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Alumni Spotlight: Jose Reyes Ferriz ’88

Jose Reyes Ferriz news

Jose Reyes Ferriz, the mayor of Ciudad Juárez, Mexico and a 1988 graduate of Notre Dame Law School’s LL.M. program, recently spoke with National Public Radio about his fight against the rampant violence plaguing his city.

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Blind NDLS student featured in South Bend Tribune

Like several Notre Dame law students, Jim Lockwood ’11 is practicing his craft by working as a summer intern in a county prosecutor’s office. What’s different is that Lockwood’s service dog helps make his work possible.

The South Bend Tribune recently profiled Lockwood during a day at the Berrien County (Mich.) Prosecutor’s Office. You can read the article here:…

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Is there still a Catholic vote in the US?

Spero News (By: Vincent Rougeau) July 9, 2010
p(image-right). Vince Rougeau news

Is there a unified Catholic voice in the American public square, and if so, what is it saying at the moment? As the United States celebrates Independence Day on 4th July, Professor Vincent Rougeau of the University of Notre Dame, describes the past and present tensions experienced by Catholic Americans as a result of the support and opposition encountered in various other religious and political voices. > Read Article

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`'Holy men' blaze curious trail across country

Helena Independent Record (Quotes: Lloyd Hitoshi Mayer)
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In most states, including Ohio and Minnesota, religious groups do not have to file financial reports at all, says Helen Ng, a spokeswoman for the Charities Review Council, a nonprofit watchdog group. “It’s been a common tax scam for many years for a family, for example, to claim ’we’re a church,’” says Lloyd Hitoshi Mayer, an associate professor of law at the University of Notre Dame. “The church category, unfortunately, is one that can be abused.” > Read Article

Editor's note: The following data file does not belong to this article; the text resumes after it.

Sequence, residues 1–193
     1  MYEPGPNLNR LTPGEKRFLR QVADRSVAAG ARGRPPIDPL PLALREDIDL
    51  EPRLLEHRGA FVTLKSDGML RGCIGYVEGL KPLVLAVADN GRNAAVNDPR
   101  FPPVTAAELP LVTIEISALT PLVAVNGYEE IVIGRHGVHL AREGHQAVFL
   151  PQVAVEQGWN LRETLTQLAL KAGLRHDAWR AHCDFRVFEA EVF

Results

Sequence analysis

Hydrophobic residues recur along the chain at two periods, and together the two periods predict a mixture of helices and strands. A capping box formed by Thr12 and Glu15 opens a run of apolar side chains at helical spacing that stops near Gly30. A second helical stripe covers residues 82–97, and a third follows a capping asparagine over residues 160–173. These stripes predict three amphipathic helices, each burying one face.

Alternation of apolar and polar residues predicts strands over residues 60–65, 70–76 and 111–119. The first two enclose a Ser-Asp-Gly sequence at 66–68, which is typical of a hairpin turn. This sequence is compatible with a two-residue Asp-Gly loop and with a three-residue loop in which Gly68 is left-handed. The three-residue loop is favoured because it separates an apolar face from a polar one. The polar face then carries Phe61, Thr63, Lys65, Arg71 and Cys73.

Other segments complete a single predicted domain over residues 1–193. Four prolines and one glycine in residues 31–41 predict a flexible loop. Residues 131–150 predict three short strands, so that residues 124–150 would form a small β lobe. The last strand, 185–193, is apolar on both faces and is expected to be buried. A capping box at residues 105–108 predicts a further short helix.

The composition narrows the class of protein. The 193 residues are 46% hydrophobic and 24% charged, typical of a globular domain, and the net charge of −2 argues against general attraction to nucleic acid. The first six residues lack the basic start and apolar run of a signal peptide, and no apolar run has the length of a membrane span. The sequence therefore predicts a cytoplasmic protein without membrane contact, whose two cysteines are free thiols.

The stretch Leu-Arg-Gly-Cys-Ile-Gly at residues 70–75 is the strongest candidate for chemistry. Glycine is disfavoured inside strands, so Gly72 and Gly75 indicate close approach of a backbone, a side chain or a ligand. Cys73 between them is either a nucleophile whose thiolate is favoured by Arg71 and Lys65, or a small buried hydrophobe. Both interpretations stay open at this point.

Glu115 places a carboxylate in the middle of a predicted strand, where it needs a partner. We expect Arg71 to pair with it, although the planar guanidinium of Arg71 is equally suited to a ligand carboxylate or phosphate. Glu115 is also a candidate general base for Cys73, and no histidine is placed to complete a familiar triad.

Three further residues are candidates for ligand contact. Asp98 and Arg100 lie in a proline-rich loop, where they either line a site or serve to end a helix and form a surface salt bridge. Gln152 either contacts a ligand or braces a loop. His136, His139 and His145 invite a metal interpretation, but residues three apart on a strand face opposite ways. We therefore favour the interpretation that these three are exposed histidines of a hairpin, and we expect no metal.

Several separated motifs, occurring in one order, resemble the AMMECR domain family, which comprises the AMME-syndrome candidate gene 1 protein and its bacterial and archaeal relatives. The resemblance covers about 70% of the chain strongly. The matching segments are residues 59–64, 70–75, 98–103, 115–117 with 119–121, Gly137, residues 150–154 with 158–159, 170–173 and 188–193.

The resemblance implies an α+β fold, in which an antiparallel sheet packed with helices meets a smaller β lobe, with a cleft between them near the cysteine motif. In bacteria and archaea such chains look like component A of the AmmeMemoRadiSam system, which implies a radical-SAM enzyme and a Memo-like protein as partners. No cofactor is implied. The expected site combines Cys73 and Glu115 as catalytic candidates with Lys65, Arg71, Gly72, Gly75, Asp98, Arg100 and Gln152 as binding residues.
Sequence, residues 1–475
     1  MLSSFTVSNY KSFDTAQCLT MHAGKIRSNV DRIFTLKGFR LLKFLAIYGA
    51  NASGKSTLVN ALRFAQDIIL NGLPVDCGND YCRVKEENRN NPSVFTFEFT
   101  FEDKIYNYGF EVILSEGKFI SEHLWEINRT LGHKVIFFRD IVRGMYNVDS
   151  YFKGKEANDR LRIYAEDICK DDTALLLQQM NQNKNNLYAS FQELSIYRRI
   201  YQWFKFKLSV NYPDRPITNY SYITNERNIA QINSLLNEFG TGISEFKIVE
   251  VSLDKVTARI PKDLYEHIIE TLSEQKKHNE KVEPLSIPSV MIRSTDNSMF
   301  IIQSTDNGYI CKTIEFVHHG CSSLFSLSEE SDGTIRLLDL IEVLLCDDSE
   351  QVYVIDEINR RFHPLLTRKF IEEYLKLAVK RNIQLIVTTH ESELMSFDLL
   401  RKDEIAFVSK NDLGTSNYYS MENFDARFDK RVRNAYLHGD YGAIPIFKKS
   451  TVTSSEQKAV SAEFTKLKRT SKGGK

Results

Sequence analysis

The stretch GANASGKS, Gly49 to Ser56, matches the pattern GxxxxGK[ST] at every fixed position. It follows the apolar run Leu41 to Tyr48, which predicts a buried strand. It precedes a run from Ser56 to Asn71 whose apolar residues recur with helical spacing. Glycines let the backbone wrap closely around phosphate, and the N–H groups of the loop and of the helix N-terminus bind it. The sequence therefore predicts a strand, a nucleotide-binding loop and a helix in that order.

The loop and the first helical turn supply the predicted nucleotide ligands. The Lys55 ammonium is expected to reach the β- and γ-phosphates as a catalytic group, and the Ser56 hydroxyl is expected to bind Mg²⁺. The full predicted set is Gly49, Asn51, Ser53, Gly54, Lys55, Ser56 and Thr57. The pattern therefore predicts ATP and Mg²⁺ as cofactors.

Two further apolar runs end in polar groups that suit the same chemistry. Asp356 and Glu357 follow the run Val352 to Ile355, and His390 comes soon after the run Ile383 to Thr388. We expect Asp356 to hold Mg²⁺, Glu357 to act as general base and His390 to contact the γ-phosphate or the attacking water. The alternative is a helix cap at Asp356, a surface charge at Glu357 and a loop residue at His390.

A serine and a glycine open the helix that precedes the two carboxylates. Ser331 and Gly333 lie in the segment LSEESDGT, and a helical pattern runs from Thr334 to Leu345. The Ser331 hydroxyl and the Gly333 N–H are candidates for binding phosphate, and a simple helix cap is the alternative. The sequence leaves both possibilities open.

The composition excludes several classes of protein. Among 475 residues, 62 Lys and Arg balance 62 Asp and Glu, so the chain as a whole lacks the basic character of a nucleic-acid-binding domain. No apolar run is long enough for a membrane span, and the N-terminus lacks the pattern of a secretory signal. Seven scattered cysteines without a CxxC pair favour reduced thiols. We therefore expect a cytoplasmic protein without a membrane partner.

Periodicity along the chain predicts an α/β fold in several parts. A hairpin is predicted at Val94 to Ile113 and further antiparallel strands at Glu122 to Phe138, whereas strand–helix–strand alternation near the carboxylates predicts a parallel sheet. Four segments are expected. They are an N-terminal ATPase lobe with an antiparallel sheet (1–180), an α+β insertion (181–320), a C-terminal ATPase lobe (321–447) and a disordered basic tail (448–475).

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Student Spotlight: Wendy Tran ’12

Wendy Tran news

Half of Notre Dame Law School’s first-year class—92 students—spent several days last semester exploring public interest lawyering around the country through the GALILEE program. An acronym for Group Alternative Live-In Legal Education, GALILEE introduces Notre Dame law students to the legal problems of the urban poor in ways impossible to learn in the classroom. One participating student, Wendy Tran, recorded her thoughts throughout her experience at various agencies in Los Angeles.

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Featured Faculty: Dan B. Kelly

Dan Kelly news

Daniel B. Kelly is a promising scholar in property law and law and economics and has taken great strides to assist in developing the University’s law-and-economics curriculum.

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Do drone attacks comply with international law?

Mary Ellen Oconnell news

PolitiFact (Quotes: Mary Ellen O’Connell), July 1st, 2010
Mary Ellen O’Connell, a University of Notre Dame law professor, argues that “without a right to use military force on Pakistan’s territory, we not only violate that state’s rights under international law, we are violating the human rights of all victims, regardless of whether they are Taliban militants on a CIA hit list or bystanders. Some of the publicly acknowledged strikes in Pakistan have not been part of Pakistan’s own armed conflict hostilities with Taliban. I know of no justification in international law for those.” > Read Article